This is a very telling question and one I have had to answer a lot – in America – since making the film. I can only respond to this question by posing another: what is so corrupt about a young woman who has been through all that pain and suffering taking some time off to party and have sex? Personally, I think she deserved a little fun. But my personal feelings don’t have much to do with the decision to illustrate her relaxation. As a storyteller I suspected we would like her more, empathize more with her, if we witnessed all aspects of her – and a healthy young woman wanting to make love is just as important as her spiritual certainty. I didn’t want her to be a nun.
Q: What is the role of media in relation to myth in our times or can it possibly be a contemporary mode of transmission?
I think the media is the primary generator and conveyance of popular mythology now. Which is probably no different than in ancient times, except media was word-of-mouth then. But speed is important. And what we call media now is specifically characterized by speed of transmission.
Q: What role if any did the painful surgery Beatrice undergoes have in the way she reacted to her meeting with the monster?
It seemed important that the heroine endure some sort of rite of passage. This, I’m sure, is a regular part of any so called coming-of-age myth or myth of spiritual attainment. You all might know more about that than me, seeing as how you’re discussing these things in class. But it seemed required. On a more basic level, I thought she needed to be strong and fearless by virtue of having already endured intense suffering, both physical (the operation) and emotional (the panic she must have witnessed in the plane as it crashed into the ocean). And I imagined that this would make her a very different kind of person. Different in such a way that people who saw her on the street would know that she had been to places (again, physically and emotionally) where most people haven’t been. This was the meaning of the townspeople trying to touch her as she leaves the hospital – a really old kind of hero/saint transformation. As if her very presence had healing powers, etc.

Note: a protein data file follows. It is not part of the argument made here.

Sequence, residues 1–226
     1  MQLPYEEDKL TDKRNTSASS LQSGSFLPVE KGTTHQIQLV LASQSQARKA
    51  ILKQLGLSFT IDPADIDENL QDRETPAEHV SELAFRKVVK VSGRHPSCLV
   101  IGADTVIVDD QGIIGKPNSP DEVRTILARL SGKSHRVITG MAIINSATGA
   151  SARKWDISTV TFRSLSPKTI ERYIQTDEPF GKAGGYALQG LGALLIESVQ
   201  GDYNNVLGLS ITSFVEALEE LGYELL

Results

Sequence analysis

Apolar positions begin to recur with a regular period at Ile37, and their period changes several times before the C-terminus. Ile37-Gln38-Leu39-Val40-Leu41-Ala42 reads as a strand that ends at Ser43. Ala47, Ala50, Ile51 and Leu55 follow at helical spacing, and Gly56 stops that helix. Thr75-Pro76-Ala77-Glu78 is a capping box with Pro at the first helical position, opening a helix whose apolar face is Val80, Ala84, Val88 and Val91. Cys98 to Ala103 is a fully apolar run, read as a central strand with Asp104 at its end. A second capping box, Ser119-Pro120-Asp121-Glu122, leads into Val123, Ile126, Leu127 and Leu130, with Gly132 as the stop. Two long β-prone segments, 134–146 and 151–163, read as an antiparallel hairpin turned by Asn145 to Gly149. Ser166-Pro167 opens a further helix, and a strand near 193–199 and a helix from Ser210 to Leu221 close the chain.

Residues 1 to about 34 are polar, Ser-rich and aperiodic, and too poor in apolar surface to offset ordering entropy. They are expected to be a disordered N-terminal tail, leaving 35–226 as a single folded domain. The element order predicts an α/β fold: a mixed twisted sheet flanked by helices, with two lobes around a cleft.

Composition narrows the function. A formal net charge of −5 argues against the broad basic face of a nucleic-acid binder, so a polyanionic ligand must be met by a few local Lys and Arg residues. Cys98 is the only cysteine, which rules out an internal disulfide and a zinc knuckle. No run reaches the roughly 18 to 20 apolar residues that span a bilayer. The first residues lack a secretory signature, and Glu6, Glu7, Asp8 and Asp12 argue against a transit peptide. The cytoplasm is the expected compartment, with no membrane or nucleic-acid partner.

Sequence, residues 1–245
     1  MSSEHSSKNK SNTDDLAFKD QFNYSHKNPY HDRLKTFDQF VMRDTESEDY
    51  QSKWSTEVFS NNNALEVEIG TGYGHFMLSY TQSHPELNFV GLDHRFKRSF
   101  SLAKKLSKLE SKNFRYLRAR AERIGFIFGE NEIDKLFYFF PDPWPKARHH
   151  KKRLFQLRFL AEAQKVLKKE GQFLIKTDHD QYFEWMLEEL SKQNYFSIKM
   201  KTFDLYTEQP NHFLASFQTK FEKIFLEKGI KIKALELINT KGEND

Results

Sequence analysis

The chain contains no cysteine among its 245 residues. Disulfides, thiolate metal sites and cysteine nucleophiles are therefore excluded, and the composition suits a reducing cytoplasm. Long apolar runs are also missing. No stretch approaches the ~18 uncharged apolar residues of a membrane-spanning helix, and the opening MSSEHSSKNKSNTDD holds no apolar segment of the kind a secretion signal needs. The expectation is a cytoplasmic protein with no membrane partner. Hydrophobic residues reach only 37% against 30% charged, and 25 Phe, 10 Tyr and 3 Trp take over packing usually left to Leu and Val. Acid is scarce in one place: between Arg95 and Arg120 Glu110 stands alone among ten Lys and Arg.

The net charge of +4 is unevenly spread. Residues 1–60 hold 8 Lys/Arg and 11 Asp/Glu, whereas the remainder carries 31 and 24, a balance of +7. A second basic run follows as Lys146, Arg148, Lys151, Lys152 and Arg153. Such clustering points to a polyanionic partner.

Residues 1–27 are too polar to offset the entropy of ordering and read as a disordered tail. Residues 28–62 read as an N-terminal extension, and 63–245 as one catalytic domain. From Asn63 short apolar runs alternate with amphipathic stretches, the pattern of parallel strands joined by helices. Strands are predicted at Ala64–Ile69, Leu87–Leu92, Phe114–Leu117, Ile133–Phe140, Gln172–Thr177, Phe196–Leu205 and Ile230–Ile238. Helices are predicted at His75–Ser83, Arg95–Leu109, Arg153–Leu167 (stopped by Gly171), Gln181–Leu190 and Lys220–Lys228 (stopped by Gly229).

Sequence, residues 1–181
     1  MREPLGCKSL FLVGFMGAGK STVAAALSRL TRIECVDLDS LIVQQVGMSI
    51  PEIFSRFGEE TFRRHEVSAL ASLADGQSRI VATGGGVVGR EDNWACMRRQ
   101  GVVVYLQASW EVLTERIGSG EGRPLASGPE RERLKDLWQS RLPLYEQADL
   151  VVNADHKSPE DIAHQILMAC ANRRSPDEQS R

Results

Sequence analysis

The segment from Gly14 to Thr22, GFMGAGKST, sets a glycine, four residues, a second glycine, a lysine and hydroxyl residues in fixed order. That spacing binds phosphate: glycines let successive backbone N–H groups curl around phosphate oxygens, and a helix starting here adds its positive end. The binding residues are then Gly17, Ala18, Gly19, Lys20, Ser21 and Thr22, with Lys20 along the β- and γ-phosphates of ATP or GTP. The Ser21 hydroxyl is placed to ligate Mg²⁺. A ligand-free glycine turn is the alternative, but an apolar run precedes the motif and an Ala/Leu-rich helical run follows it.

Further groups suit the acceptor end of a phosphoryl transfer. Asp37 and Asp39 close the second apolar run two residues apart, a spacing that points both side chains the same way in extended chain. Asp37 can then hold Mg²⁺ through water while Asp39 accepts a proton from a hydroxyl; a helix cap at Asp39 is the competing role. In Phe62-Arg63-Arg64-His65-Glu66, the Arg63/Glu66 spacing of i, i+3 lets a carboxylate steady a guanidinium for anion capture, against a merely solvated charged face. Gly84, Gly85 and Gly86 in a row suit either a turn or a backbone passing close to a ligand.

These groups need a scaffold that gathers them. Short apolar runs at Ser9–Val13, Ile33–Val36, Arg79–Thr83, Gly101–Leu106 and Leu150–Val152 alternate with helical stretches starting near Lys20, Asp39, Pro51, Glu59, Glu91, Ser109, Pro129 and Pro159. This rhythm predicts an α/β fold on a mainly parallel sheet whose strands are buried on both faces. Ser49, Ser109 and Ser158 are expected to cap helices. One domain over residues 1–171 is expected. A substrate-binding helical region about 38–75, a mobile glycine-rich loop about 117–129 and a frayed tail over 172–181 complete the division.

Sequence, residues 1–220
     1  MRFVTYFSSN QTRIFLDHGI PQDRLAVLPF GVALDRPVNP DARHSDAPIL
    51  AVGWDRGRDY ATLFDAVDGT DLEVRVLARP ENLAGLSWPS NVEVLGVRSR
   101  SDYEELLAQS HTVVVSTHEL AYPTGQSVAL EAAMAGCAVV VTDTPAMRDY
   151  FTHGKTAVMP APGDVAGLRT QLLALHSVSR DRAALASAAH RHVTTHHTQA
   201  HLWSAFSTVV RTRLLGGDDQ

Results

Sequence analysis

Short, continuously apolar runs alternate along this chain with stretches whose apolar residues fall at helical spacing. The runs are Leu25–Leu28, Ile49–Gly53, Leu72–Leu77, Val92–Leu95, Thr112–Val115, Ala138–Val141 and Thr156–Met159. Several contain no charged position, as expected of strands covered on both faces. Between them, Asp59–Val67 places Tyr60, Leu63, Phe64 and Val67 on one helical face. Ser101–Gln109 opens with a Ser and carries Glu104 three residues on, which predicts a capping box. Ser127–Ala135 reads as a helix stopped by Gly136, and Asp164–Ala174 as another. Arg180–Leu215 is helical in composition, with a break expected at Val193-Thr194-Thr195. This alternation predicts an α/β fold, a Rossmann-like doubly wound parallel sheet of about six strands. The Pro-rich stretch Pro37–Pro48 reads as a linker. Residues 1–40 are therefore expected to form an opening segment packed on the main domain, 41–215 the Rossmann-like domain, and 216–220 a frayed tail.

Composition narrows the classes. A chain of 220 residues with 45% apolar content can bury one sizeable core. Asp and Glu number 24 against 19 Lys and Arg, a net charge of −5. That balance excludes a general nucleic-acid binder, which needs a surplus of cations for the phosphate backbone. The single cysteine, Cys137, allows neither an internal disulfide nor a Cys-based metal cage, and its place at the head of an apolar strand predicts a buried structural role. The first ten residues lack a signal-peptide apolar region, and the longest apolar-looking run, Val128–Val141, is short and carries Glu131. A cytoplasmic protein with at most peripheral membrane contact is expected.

Q: Could another mythical character have been as effective as the monster? Was the monster based on a person (such as Norman Mailer)?
Norman Mailer? No. Wow, interesting, though. No, the Monster was based on no one in particular. But I drew on the book Grendel, by John Gardner. Grendel is popularly referred to as Beowulf told from the monster’s point of view, and it has always been an important book for me. There is a lot of James Cagney’s gangster characters in there too.
Q: What most inspired you to make this movie – was it related to 9/11?
The movie was shot a year before 9/11 and, in fact, it’s release was delayed because the studio felt it would be too troublesome to distribute after the attack. I drew on contemporary news items relating different kinds of terrorist attacks for Beatrice’s arduous journey to the airport – the sarin gas attacks on the Tokyo subway in 1995, the first attempt on the Twin Towers in 1993, Timothy McViegh’s bombing in Oklahoma City, etc…
Q: Is this based on any specific pre-existing myths?
No. I thought I might be able to make a perfectly contemporary monster movie – a sort of relevant fairytale of modernity. But The Wizard of Oz was helpful – Sarah Polley’s hair is done just like Dorothy’s. Murnau’s Nosferatu – it is Nosferatu and the novel Dracula that dwell on the sadness of eternal life. And the Mothra and Godzilla movies made in Japan in the fifties and early sixties were helpful – there is always a journalist trying to unearth some well-kept government secret or the niece of a famous scientist looking for her uncle.